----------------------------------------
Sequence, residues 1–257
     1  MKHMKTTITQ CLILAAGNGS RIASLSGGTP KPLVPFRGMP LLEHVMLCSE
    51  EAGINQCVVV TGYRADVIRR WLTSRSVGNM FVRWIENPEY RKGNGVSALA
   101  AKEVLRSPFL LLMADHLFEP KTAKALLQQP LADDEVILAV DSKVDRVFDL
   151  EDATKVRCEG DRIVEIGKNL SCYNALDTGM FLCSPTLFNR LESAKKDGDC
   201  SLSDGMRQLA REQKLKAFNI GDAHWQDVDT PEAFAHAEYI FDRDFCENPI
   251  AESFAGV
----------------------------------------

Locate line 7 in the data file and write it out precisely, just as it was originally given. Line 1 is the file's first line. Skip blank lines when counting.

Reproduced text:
   251  AESFAGV